Nick wasn’t any different.


She never actually had a chance to call him Nick. They never said each other’s names. She knew his name after a lengthy search through the staff directory. And he knew hers after the first email. But that was all. Even now, with the bitter aftertaste of what could have been burning in her throat, there is something scandalous about thinking of him that way—a name that never was never really hers to use freely.

Later, after he replied to her first email and they actually spoke to each other out loud, she learned that they had started working at the department store on the same day. It took a few weeks for her to notice him. Maybe Appliances involved more training than generic checkout. Maybe she just hadn’t paid attention.

But after she saw him, after she realized she was unconsciously tracking him across the store, she knew it was only a matter of time. She knew she was in trouble.

That was before any of the emails. Before she tracked down his name and found excuses to talk about the intricacies of the hierarchy between departments just to mention him. Before she called him anything but That Really Cute Guy in Appliances in her head.

After that but before he replied to the first email she thought something had changed. It wasn’t exactly that he noticed her. Girls who got noticed never had these problems. They were handed phone numbers. They were asked out on dates.

Alice didn’t get noticed. In particularly bleak moments she wondered if Dorothy Parker had been right about boys and girls who wear glasses. Girls Who Got Noticed never seemed to wear glasses. They didn’t have complicated crushes that lasted for months only to fall apart like a spectacularly elaborate house of cards.

So no. Nick didn’t notice her. But he did start talking to her. He did, it seemed for a while at least, seek her out. But maybe that’s something any handsome guy would do. (No matter how much she tried to drive home the idea of the premature baldness, Alice could not deny that Nick was attractive. It was a pointless exercise.) And what attractive person doesn’t want to be adored?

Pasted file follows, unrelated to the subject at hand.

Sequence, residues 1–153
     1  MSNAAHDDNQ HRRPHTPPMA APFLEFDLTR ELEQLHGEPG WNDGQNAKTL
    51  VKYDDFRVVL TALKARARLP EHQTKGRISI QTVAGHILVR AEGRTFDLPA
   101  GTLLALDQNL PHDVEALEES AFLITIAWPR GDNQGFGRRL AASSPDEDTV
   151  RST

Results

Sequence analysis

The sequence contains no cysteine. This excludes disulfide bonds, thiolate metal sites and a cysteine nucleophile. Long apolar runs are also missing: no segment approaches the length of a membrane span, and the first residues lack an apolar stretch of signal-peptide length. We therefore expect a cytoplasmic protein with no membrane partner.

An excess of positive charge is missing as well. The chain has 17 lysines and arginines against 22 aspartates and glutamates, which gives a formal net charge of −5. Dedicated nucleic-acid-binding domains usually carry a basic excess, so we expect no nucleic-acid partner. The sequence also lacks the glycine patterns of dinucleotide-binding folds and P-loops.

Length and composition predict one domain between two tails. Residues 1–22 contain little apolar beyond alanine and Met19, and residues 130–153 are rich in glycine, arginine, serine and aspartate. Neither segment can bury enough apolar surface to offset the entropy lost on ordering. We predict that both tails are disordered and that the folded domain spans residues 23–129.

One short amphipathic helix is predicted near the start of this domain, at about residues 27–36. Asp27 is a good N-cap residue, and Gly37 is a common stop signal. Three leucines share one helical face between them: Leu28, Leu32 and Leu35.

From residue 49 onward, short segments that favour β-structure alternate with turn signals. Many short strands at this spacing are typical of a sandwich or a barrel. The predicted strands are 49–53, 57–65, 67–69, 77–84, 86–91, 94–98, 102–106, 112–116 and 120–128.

She never put much stock in books that talked about characters blushing until those heady early weeks. She must have looked like a lobster from the way her cheeks heated up when he so much as smiled at her.

The problem with having a painful crush on someone you only see in passing at work, though, was that it’s hard to get to know a person that way. It was hard, Alice learned, to find anything to talk about that didn’t make her sound like a blathering idiot.

He kept coming back though so maybe that was all right. After so much waiting, maybe something was going to happen. Maybe, for once, Alice (wildly hoped) she would actually be Noticed.

But Nick was transferred instead. To Electronics. In another store on the opposite end of town.

That’s when she sent the first email. When he wrote back. When they finally both knew the other’s name.

She sent the second email a little later. When she was sure he was well and truly away and the crushed seemed well and truly pointless. When she thought she had nothing to lose because being brave seemed like a grand idea and pride seemed like a small thing to risk.

He was transferred back the week after that. Of course. After the second email asked him out and admitted that she had Noticed him for quite some time. But maybe that was obvious all along with her lobster red cheeks and incoherent speech and the way she politely refused to acknowledge the bald spot even existed. (In hindsight and with just a little bitterness she can admit now that the bald spot was, in fact, significant in size.)

After he came back, for a little while anyway, it seemed like something might happen. She added more cards to her card-house-crush and she thought for once it might stay strong. She made plans. She had hopes. She named things she wouldn’t usually talk about like that loneliness and want that hindsight are making her feel so acutely right now.

She wondered, briefly and fantastically, if this was what it felt like to be Noticed the way all of her friends who did not wear glasses or have elaborate crushes seemed to be Noticed.

But it wasn’t like that.

Two weeks after he came back, three after she sent that reckless second email, and he never said a word to her. He waved the one time she passed him on her way to the register. They looked at each other quite a few times across the cavernous aisle that separated the bank of registers from Appliances. Once, she was so so sure he was going to walk over. But he never did any of those things. He never emailed even though Alice was sure it would have been the easiest thing in the world.

Suddenly, in such a short time, all of the potential and hope fizzled away to uncertainty and confusion as Alice wondered how she could have possibly been so wrong. Again.

That’s when she sent the third email. And she isn’t proud of that. But pride, it turns out, really is the first thing to go when emotions start to run high.